Academic journal article Planning and Changing

Learning from Success: A Leverage for Transforming Schools into Learning Communities

Academic journal article Planning and Changing

Learning from Success: A Leverage for Transforming Schools into Learning Communities

Article excerpt

Every time I visit one of the schools under my supervision, I ask the principal and his or her staff to write down all the problems at school, so I can help them solve these problems. I never thought to ask for their successes as a mode for learning. A School District Superintendent


To survive, and certainly to thrive in turbulent and uncertain environments, teachers must learn to learn, and thereby develop their abilities to engage in ongoing learning. One way of doing so is to recognize and act upon the importance of learning as a continuous collective process. As Daft and Weick (1984) suggest, in order to overcome the complexities they face, school practitioners have to introduce and maintain continuous social processes of learning through which they can become members of collective interpretation systems. Hence, sharing and generating multiple interpretations with regard to school professional practices can help practitioners to do justice to their professional mission.

There is much promise in focusing on collective learning from past school experiences (i.e., retrospective learning). Put simply, learning from past experiences is of the utmost importance as educators strive to have a positive impact on their students. Somewhat surprisingly, retrospective learning has traditionally been focused on failures and difficulties, whereas successful events and processes have remained relatively unexamined. This primary focus on learning from failed events and processes not only skews teachers' discourse in a negative direction, it also deprives teachers of learning opportunities embedded in past successes and satisfactory events. Although learning from success has been perceived as the enemy of experimentation and innovation (Levitt & March, 1996), the deliberate choice to learn from success can serve as leverage for future integration of collective learning from both success and failure, and from all that lies in between.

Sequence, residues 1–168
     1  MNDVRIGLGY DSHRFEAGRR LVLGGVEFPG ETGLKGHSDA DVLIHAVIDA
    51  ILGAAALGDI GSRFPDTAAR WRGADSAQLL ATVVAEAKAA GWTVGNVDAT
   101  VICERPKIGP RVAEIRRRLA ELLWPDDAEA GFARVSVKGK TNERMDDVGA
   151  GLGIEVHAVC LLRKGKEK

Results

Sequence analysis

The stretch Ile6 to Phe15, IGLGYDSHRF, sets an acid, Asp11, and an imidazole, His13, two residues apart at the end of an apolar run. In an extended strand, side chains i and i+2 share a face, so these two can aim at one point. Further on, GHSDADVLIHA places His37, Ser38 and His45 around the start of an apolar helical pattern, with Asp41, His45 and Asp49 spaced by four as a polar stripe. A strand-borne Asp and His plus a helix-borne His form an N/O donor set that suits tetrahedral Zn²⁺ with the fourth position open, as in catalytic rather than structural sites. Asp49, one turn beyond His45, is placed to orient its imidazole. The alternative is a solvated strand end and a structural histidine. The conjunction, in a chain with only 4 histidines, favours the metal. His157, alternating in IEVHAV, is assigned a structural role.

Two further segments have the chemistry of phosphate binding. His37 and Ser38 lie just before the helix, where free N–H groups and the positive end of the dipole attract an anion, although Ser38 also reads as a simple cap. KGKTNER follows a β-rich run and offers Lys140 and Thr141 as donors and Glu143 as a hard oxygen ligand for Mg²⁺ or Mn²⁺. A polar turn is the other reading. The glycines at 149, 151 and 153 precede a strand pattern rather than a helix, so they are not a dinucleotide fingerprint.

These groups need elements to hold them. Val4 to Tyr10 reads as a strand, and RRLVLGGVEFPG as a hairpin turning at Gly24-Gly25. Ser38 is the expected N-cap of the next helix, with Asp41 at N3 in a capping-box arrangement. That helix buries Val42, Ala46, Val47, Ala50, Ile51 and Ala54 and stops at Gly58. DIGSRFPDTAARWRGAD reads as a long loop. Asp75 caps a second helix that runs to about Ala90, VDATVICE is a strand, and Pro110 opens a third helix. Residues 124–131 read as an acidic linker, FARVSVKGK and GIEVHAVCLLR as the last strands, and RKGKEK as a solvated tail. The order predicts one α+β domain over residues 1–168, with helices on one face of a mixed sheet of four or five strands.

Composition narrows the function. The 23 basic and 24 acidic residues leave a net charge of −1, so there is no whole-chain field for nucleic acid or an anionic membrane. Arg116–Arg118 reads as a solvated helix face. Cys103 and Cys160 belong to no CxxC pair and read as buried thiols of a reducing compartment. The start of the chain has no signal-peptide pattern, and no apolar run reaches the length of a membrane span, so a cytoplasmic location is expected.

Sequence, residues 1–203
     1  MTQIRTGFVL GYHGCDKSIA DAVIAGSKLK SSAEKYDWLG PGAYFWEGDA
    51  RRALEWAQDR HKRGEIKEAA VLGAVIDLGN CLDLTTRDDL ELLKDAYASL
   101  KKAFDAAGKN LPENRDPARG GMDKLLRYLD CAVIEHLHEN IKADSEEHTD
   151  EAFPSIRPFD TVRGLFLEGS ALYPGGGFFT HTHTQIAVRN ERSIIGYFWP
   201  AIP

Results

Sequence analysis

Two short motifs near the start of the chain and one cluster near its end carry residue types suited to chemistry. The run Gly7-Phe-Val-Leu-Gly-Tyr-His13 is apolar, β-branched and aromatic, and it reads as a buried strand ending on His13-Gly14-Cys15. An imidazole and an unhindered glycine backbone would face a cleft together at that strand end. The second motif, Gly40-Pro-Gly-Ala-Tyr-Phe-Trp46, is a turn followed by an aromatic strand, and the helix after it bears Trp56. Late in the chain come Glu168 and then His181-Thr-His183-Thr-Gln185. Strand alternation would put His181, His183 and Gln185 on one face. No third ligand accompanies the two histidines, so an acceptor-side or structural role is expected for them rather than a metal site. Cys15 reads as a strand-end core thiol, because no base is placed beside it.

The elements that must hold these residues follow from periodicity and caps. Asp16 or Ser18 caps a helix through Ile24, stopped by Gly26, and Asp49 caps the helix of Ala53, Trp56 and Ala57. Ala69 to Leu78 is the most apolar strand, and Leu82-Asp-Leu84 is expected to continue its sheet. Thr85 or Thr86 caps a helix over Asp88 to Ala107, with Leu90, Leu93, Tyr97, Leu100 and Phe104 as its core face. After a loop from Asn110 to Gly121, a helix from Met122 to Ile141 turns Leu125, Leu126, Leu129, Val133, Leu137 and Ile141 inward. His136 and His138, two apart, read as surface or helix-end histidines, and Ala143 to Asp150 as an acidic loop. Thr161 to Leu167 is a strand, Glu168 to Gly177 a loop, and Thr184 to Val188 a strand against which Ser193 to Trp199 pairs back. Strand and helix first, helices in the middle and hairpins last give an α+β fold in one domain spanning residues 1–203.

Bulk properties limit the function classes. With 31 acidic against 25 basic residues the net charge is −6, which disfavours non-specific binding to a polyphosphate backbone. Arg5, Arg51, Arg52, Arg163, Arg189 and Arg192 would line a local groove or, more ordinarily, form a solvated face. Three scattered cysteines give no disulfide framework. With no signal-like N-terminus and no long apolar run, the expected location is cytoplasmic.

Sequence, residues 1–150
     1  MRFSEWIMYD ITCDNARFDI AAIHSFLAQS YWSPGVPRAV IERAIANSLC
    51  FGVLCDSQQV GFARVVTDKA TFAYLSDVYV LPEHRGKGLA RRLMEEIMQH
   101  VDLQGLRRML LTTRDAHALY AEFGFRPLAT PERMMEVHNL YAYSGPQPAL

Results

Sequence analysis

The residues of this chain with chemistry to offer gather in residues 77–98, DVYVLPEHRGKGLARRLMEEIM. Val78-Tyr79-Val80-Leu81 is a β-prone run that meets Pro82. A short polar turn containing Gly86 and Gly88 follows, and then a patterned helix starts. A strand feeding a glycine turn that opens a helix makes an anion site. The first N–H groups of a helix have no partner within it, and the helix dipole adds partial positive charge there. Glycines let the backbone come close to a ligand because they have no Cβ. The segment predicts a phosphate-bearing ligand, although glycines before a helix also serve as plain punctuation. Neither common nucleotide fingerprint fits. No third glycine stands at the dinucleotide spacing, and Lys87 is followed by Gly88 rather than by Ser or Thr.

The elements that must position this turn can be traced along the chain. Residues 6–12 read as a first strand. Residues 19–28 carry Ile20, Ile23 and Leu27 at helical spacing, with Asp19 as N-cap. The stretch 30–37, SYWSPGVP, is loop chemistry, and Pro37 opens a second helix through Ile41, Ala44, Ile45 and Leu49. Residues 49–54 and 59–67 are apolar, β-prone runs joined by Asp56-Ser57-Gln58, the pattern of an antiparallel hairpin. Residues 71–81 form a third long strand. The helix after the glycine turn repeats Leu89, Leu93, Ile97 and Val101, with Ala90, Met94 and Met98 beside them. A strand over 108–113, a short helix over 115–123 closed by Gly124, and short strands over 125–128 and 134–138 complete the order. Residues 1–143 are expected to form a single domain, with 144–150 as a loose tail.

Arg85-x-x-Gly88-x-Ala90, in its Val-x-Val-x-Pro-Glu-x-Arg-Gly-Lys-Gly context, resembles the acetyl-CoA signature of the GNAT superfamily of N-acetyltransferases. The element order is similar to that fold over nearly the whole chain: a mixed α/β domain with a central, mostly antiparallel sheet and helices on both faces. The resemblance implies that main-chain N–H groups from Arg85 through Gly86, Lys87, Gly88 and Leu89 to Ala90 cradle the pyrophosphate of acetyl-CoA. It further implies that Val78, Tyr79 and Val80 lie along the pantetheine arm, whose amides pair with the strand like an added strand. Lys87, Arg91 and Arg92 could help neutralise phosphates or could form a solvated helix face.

Hence, this article will begin by discussing the importance of collective retrospective learning as an inbuilt vehicle in the ongoing pursuit toward learning schools. We will then proceed to explore the predisposition to learn from problems and failures, and pinpoint both the opportunities and obstacles presented by this form of learning. This will be followed by expanding on the limitation and possibilities of learning from successful events. Then, a learning continuum will be proposed in which learning from success can serve as a springboard for further productive collective learning.

Collective Retrospective Learning

Although past experiences can take many and different forms, all shapes of experiences (e.g., planned, incidental) can be associated with practitioners' learning (Cousins, 1998). Virany, Tushman, and Romanelli (1996) even argue that "learning occurs only after experience has been gained...Actions, even mistakes, provide new in formation... that forms the basis for learning" (p. 308). Therefore, examining past events (retrospective reviews) is an essential process in fostering learning.

Learning from past experiences requires a process of reconstruction. Practitioners can generate and reorganize professional knowledge through their ongoing discussion of past experiences. Through a process of reflection-on-action (Schon, 1983), practitioners deliberately reflect on specific incidents they experienced, as well as on the effects of their actions on their environments. This "reflection-conversation" process (Grimmett, 1988) creates a dialogue between the cognitive frameworks constructed by practitioners from information in the practice setting and their own existing cognitive frameworks.

The analysis of past experiences leads practitioners not only to a new understanding of practical situations but also to an exploration of preconceived tacit assumptions about teaching (Grimmett, 1988). Consequently, learning from past experiences leads to a better self-understanding, a better understanding of the teaching profession, and a better integration between the two. …

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